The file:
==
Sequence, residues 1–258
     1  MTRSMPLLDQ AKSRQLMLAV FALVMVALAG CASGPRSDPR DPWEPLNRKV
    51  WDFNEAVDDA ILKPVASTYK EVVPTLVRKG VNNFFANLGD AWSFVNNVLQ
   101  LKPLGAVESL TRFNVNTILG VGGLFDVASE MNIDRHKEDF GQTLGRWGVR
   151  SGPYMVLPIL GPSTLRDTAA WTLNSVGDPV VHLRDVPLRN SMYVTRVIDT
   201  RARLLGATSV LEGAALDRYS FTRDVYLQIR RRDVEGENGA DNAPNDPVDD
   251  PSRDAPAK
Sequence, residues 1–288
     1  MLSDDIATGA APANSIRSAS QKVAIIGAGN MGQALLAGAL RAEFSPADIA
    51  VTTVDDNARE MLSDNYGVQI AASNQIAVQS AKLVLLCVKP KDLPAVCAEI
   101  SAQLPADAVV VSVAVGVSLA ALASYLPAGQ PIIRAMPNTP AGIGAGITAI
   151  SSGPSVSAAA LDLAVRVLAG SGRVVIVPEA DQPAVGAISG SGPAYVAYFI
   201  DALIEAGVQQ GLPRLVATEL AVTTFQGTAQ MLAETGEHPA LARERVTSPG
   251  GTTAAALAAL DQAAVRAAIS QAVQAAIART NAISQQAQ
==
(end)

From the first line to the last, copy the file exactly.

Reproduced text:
Sequence, residues 1–258
     1  MTRSMPLLDQ AKSRQLMLAV FALVMVALAG CASGPRSDPR DPWEPLNRKV
    51  WDFNEAVDDA ILKPVASTYK EVVPTLVRKG VNNFFANLGD AWSFVNNVLQ
   101  LKPLGAVESL TRFNVNTILG VGGLFDVASE MNIDRHKEDF GQTLGRWGVR
   151  SGPYMVLPIL GPSTLRDTAA WTLNSVGDPV VHLRDVPLRN SMYVTRVIDT
   201  RARLLGATSV LEGAALDRYS FTRDVYLQIR RRDVEGENGA DNAPNDPVDD
   251  PSRDAPAK
Sequence, residues 1–288
     1  MLSDDIATGA APANSIRSAS QKVAIIGAGN MGQALLAGAL RAEFSPADIA
    51  VTTVDDNARE MLSDNYGVQI AASNQIAVQS AKLVLLCVKP KDLPAVCAEI
   101  SAQLPADAVV VSVAVGVSLA ALASYLPAGQ PIIRAMPNTP AGIGAGITAI
   151  SSGPSVSAAA LDLAVRVLAG SGRVVIVPEA DQPAVGAISG SGPAYVAYFI
   201  DALIEAGVQQ GLPRLVATEL AVTTFQGTAQ MLAETGEHPA LARERVTSPG
   251  GTTAAALAAL DQAAVRAAIS QAVQAAIART NAISQQAQ